R&D, Education, and Productivity
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The book begins with economists' first attempts to measure productivity growth systematically in the 1930s. In the mid-1950s these efforts culminated in a startling puzzle. The growth of measured inputs like labor and capital explained only a fraction of the growth of national output. Economists called this phenomenon "efficiency" or "technical change" or "the residual." However, Griliches observes that the most accurate name was a "measure of our ignorance." What explained the rest of economic growth quickly became one of the most important questions in economics.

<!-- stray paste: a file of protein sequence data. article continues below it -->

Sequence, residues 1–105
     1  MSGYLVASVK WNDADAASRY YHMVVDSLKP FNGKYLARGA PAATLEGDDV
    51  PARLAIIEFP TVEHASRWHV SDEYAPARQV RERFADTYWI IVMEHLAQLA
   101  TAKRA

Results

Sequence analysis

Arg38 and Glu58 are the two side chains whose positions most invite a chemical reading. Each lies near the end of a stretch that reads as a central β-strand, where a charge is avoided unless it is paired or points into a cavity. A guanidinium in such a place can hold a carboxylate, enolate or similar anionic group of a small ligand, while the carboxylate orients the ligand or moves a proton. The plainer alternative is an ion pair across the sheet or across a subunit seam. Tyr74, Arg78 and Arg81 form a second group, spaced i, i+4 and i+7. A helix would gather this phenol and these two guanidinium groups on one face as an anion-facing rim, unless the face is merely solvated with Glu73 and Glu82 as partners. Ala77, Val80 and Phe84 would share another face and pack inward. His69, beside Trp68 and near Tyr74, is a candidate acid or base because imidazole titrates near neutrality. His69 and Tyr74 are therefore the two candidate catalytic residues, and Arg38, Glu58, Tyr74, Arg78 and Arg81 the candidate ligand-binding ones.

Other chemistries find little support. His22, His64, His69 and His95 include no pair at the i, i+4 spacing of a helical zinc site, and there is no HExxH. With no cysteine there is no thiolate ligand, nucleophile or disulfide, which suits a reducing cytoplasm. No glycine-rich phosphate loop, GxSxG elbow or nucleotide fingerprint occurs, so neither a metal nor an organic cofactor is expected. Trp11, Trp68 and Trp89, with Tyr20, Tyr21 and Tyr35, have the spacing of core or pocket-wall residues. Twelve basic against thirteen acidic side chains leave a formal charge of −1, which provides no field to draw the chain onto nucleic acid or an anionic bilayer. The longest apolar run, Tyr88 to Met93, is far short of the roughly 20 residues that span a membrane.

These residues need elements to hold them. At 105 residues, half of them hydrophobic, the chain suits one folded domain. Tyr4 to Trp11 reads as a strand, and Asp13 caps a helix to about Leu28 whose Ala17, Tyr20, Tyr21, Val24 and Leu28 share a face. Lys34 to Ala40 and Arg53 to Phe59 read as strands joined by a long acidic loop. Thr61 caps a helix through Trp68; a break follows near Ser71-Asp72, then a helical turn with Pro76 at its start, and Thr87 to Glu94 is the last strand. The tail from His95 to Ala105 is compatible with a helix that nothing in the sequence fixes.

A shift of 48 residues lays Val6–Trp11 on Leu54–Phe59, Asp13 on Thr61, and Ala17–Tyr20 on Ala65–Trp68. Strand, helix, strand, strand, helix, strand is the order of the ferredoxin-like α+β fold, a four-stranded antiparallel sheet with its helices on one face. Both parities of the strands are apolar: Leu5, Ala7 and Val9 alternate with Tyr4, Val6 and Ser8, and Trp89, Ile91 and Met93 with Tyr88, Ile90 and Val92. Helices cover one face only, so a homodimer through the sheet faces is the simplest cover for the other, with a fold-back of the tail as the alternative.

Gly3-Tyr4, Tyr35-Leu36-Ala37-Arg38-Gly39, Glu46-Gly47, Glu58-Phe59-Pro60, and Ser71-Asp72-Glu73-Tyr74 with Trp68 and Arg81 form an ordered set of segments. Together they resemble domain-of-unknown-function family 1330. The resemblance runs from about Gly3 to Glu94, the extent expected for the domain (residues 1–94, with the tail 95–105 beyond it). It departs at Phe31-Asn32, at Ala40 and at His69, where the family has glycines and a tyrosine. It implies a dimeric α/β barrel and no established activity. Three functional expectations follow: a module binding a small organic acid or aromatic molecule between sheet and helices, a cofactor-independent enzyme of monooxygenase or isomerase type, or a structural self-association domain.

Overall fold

Over the next thirty years, Griliches and his colleagues and students looked for various components of the residual in education (the formation of human capital), investment (the formation of physical capital), and research and development. In 1973, after the oil price shocks, productivity growth slowed and the residual almost disappeared. Since the shocks were a short-term phenomenon, they could not account for the slowdown. A main focus of this book is therefore the puzzle of the productivity slowdown and how to date it and how to explain it.